Time Trouble

Some of the game's greatest have had trouble playing against the clock. Not so Bobby Fischer, who was a lord of time.

Dominic Lawson

It is often said that the chief characteristic distinguishing the modern era from all previous history is the value put on time. Arguably this is just another way of demonstrating that capitalism has speeded up the world in a way our ancestors could not have imagined: the main point about industrial efficiency is that it saves time.

Chess being a cultural artefact, rather than just mathematics, is not immune from the historical process. Thus it is not surprising that 150 years ago next month there took place the first chess tournament with a time limit: the London chess tournament of June 1862 was part of the second Great Exhibition, designed to show the world the marvellous new technology of the British industrial revolution. Its chess tournament had its own innovation: the moves would all have to be played within a set time — to be precise, 24 moves every two hours. Sandglasses were used, one for each player.

This would have come as a shock to the notoriously slow German player Louis Paulsen (who finished second). He it was who took no fewer than 75 minutes to decide on a single move against Paul Morphy in the American Chess Congress of 1857. It is said that towards the end of this vast think, the usually imperturbable Morphy raised his eyebrows at his opponent, who then responded: “Oh — is it my move?”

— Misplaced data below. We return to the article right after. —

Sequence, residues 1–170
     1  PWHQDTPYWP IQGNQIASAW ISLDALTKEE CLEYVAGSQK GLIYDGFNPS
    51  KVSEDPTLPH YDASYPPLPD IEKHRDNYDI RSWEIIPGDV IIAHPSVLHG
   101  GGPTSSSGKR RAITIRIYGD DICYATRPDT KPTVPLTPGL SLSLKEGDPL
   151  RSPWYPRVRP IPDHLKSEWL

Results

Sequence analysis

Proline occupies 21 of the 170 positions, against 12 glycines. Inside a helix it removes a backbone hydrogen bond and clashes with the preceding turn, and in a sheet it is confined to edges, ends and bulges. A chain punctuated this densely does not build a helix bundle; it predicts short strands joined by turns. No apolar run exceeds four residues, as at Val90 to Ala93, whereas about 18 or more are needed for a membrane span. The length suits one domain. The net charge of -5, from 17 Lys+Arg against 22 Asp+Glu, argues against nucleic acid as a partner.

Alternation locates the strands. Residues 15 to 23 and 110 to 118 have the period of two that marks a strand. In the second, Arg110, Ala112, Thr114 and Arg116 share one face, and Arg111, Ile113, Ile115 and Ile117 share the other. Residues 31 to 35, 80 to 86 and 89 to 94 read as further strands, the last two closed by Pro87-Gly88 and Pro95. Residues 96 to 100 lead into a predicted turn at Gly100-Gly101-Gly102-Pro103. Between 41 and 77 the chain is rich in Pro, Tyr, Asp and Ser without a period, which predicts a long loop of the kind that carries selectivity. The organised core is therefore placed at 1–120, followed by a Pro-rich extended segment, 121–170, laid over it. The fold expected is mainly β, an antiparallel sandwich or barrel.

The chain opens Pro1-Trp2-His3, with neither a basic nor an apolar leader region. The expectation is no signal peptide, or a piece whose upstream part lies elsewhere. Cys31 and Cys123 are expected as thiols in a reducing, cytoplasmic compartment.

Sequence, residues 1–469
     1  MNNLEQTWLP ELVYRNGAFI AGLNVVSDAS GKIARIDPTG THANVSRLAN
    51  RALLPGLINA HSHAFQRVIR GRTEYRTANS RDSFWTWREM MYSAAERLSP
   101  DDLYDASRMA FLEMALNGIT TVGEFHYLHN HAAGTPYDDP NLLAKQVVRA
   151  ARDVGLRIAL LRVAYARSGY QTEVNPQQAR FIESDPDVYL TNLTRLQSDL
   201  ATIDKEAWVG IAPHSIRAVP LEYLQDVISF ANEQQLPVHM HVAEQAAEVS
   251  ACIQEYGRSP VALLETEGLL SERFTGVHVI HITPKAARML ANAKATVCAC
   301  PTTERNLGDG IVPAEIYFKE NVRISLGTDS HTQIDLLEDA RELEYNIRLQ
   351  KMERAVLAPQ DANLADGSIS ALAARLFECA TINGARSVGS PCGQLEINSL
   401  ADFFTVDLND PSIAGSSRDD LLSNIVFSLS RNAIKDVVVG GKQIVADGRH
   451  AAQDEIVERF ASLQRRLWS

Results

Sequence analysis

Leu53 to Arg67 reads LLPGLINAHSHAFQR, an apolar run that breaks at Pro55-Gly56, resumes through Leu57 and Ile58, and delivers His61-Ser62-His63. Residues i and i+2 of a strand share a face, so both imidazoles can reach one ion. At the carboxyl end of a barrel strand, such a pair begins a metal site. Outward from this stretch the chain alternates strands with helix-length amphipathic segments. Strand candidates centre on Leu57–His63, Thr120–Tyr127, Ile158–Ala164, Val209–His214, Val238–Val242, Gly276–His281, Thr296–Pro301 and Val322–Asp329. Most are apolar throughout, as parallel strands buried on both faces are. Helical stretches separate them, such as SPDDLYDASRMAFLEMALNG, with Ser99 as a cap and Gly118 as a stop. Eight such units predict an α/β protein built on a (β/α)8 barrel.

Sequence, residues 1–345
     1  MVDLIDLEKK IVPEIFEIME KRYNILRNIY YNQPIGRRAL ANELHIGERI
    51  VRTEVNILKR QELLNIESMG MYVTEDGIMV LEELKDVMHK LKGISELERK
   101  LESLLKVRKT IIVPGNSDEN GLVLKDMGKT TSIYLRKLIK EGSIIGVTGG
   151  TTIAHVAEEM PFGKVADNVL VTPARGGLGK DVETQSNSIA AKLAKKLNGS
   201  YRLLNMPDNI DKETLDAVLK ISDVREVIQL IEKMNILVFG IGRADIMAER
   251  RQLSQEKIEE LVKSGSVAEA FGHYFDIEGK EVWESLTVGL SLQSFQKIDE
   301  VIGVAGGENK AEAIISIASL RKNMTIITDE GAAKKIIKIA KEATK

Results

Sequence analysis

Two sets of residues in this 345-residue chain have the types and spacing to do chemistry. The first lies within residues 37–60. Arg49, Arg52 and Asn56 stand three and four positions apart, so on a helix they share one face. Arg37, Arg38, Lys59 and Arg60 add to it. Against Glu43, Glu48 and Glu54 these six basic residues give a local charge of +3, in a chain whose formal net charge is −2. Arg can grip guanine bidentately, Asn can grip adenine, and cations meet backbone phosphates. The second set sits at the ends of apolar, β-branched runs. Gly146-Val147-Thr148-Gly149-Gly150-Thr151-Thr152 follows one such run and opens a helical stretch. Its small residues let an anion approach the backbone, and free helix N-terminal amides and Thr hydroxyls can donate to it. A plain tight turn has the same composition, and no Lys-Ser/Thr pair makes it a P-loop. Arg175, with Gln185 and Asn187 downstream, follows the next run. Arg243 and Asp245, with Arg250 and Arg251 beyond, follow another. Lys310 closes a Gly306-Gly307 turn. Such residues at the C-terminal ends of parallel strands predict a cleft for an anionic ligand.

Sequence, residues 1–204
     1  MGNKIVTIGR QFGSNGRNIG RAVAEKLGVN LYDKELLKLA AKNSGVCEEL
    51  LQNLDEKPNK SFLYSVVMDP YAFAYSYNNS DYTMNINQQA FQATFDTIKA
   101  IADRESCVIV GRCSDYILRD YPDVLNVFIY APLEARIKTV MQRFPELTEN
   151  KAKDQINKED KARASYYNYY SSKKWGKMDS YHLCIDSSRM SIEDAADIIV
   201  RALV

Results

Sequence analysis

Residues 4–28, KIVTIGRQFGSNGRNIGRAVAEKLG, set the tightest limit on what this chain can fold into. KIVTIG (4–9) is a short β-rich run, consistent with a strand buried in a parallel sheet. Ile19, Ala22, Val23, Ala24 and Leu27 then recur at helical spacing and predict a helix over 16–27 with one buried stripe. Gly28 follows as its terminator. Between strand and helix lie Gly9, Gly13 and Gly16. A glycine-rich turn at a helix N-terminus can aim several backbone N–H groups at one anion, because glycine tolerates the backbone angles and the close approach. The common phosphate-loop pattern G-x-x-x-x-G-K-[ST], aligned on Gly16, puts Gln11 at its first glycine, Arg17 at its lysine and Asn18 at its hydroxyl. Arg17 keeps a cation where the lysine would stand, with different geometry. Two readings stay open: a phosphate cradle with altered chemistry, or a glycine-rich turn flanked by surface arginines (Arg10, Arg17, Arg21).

It was not until the 1880s that chess clocks were fully developed: these linked two clocks to a single mechanism, so that when one player presses the button on his side of the device, it stops his timer and starts his opponent’s. The Dutch added the idea of a little red “flag”, which would fall when the minute hand passes through the vertical. If that happens before the required number of moves are completed, then the offending player loses automatically “on time”. Anyone who has played competitive chess will know the awful feeling as the “flag” begins to rise with many moves still to make before the time control. You want to keep your eyes and mind focused on the board, but somehow it is impossible not to keep glancing at the clock.

With the development of digital chess clocks (a century after the mechanical version made its debut) this torment has become less redolent of Edgar Allen Poe’s Pit and the Pendulum. Not only is the digital display less like a guillotine; gone also is that infernal ticking. The increasing sophistication of the digital chess clock made possible a brilliant innovation by Bobby Fischer. In 1988 the reclusive genius patented what he called the “Fischer clock”: in reality it was not a new device, but simply the proposal that each player would gain a time increment (typically of 30 seconds) with every move he made. Fischer’s idea was, in part, that this would end the unsatisfactory situation in which a player would lose on time in an easily winning position even though he knew exactly how to finish off his opponent.

Fischer’s patent has taken away a little of the almost absurd drama which used to occur when a player so mismanaged his clock that he had, say, only a minute to play 20 moves. Before Fischer’s innovation, that would have meant just three seconds per move: now, every time such a desperately short of time master plays one of his 20 remaining moves, he will gain a further 30 seconds’ allocation.